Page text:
Yet only three centuries later, all of this had changed. A newly invigorated cluster of European societies had revived city life, spawned new spiritual and intellectual movements and educational institutions, and had begun, for reasons both sacred and profane, to expand at the expense of neighbors who traditionally had expanded at Europe's expense. This series of 24 lectures, filled with memorable detail, examines how and why Europeans achieved this stunning turnaround. By its conclusion, you will be able to describe and analyze the social, intellectual, religious, and political transformations that set into motion this midsummer epoch of the medieval world - an epoch you will come to know very well through Professor Daileader's vivid descriptions and examinations of its people, including
the warrior aristocracy of knights, castellans, counts, and dukes;
free and unfree peasants; and townspeople, both artisans and merchants;
its vibrant stirrings of religion and intellect, including monastic life and charismatic figures like Francis of Assisi and Thomas Aquinas;
the lives of those outside the religious mainstream, especially heretics and Jews;
and its major political developments and events, including the First Crusade, the Norman Conquest of England, and the granting of the Magna Carta.
PLEASE NOTE: When you purchase this title, the accompanying reference material will be available in your Library section along with the audio.
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Customer ReviewsMost Helpful
By David on 08-01-15
Another excellent course from Professor Daileader
This is the second of a trilogy of courses presented by Professor Daileader and on a par with the excellent first one on the Early Middle Ages. Having a much shorter time frame to cover than in the first course, Professor Daileader structures these lectures into three distinct groups: Society; Religion; and, Politics & War. Initially I was concerned that this would lead to an uneven course but I was surprised by how interesting and engaging the religious elements were.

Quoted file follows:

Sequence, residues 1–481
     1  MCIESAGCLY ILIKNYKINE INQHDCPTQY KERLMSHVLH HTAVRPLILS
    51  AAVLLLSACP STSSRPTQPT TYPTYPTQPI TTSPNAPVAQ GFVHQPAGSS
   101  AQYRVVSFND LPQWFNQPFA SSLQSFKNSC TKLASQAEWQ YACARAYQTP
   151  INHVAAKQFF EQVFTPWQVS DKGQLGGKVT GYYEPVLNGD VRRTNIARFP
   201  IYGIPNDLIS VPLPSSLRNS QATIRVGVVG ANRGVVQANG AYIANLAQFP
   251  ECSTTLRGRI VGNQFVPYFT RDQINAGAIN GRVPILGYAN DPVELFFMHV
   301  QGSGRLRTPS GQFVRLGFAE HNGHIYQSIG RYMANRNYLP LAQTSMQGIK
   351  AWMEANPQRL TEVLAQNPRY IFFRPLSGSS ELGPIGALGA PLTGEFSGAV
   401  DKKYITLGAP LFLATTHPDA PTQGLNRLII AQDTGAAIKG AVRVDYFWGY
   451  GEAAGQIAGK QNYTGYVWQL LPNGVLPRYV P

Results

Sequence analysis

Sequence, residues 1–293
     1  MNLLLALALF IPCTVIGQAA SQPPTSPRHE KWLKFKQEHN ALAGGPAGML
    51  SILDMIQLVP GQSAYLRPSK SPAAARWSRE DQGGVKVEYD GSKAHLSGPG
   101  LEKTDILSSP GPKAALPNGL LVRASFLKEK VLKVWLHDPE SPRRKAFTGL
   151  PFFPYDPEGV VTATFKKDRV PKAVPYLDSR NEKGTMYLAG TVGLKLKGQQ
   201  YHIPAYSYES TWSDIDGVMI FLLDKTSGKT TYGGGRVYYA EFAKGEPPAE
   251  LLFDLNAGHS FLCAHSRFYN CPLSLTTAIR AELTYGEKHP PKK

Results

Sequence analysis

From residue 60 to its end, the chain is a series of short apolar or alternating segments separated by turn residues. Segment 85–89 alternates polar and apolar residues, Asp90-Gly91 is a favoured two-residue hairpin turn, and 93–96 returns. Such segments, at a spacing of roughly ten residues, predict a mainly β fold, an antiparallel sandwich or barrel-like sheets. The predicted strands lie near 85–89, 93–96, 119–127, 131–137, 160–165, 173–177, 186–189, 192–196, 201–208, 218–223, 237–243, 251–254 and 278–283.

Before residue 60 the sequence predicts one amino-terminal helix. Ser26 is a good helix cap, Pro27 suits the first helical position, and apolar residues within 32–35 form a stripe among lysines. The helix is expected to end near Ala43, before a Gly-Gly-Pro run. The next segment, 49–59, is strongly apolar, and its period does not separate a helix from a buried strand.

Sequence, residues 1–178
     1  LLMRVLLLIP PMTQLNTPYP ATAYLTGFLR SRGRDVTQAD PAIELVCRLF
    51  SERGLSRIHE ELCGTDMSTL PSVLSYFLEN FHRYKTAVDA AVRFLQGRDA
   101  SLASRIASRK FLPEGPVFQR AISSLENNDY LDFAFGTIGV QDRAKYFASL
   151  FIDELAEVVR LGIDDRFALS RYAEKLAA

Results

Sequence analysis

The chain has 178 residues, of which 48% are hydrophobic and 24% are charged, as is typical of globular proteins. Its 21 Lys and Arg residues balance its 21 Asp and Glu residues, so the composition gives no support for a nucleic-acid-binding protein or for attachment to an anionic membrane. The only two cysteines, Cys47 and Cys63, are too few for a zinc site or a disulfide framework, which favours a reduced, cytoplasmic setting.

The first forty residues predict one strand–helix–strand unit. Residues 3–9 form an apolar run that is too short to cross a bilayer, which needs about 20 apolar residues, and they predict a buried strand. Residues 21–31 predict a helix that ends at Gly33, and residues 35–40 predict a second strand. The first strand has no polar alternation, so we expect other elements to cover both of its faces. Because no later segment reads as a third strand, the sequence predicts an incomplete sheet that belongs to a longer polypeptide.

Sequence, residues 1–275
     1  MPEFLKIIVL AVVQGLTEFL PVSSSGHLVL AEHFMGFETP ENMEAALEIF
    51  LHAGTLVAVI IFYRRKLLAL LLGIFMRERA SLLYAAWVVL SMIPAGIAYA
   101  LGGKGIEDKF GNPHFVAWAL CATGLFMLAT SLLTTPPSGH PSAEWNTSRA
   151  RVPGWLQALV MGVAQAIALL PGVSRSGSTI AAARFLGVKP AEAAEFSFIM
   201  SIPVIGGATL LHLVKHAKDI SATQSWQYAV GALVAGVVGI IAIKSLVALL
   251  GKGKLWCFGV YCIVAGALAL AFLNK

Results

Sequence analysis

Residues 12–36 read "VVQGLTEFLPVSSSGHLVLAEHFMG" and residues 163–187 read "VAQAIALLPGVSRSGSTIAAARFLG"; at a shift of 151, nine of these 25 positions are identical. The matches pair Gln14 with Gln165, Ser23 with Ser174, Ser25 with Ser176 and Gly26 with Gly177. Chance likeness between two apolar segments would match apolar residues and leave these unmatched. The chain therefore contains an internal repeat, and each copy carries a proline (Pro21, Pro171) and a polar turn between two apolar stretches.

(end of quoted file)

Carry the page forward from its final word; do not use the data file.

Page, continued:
As with the previous course, the great strength of the course is the light touch that Professor Daileader brings to it. He is entertainingly wry at times but never to the detriment of clearly explaining the subject matter. Particularly refreshing is the sense of self awareness he clearly has. Where other lecturers in these courses seem to be unaware of how their subject can seem to the casual listener the Prof Daileader seems only too aware of how strange or difficult some of the things he covers are.
All in all this is an excellent and enjoyable course that I would recommend but for the best experience listen to the Early Middle Ages first.
5 of 5 people found this review helpful
By Amazon Customer on 04-02-17
My favorite great courses series
This three part series on the Middle Ages are my favorite lectures on the great courses series. It has opened up the subject on the Middle Ages for me. I knew next to nothing on the subject and now that Iv finished this series, I'm obsessed with everything concerning the period. The lecturer is warm, engaging and funny. Iv got nothing but good things to say about it. Thank you dr Daileader!
1 of 1 people found this review helpful
Customer ReviewsMost Helpful
By Mary Elizabeth Reynolds on 02-03-14
I adore the medieval in any form, but this professor makes a period that is so obscure come alive. He doesn't romanticize the period nor does he belittle it. He inserts humor and quotes that still stick with me.
9 of 9 people found this review helpful
By Hellocat on 05-09-14
Good, but not his best
Of Professor Daileader's Medieval trilogy, this is probably the weakest offering. The reason I say that is mainly because of my own preference for narrative history rather than social/economic history, of which this course embraces mostly the latter.
That being said, I still highly recommend this course for anyone interested in the period. Daileader's delivery is highly entertaining and he even injects a fair amount of humor to the lectures.
Start with the Early Middle Ages though, since I think that is perhaps the best in the trilogy.
12 of 13 people found this review helpful